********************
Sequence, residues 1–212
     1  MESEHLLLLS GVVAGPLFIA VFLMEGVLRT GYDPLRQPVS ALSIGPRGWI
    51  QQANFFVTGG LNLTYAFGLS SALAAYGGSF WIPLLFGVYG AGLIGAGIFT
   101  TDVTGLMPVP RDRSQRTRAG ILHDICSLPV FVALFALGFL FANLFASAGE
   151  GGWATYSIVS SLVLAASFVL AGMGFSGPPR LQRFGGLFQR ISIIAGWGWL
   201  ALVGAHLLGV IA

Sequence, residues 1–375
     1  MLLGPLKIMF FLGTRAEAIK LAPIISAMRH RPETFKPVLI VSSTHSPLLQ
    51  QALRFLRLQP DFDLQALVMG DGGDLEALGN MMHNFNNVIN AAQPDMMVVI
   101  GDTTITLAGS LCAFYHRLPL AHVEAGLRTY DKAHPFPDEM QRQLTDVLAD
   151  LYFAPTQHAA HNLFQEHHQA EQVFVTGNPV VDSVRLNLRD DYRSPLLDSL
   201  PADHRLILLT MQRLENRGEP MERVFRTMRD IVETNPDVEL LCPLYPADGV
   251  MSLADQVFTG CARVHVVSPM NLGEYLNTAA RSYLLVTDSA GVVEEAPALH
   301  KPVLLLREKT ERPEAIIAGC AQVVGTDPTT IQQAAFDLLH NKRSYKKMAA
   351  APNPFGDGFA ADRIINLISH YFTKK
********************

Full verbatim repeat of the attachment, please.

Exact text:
Sequence, residues 1–212
     1  MESEHLLLLS GVVAGPLFIA VFLMEGVLRT GYDPLRQPVS ALSIGPRGWI
    51  QQANFFVTGG LNLTYAFGLS SALAAYGGSF WIPLLFGVYG AGLIGAGIFT
   101  TDVTGLMPVP RDRSQRTRAG ILHDICSLPV FVALFALGFL FANLFASAGE
   151  GGWATYSIVS SLVLAASFVL AGMGFSGPPR LQRFGGLFQR ISIIAGWGWL
   201  ALVGAHLLGV IA

Sequence, residues 1–375
     1  MLLGPLKIMF FLGTRAEAIK LAPIISAMRH RPETFKPVLI VSSTHSPLLQ
    51  QALRFLRLQP DFDLQALVMG DGGDLEALGN MMHNFNNVIN AAQPDMMVVI
   101  GDTTITLAGS LCAFYHRLPL AHVEAGLRTY DKAHPFPDEM QRQLTDVLAD
   151  LYFAPTQHAA HNLFQEHHQA EQVFVTGNPV VDSVRLNLRD DYRSPLLDSL
   201  PADHRLILLT MQRLENRGEP MERVFRTMRD IVETNPDVEL LCPLYPADGV
   251  MSLADQVFTG CARVHVVSPM NLGEYLNTAA RSYLLVTDSA GVVEEAPALH
   301  KPVLLLREKT ERPEAIIAGC AQVVGTDPTT IQQAAFDLLH NKRSYKKMAA
   351  APNPFGDGFA ADRIINLISH YFTKK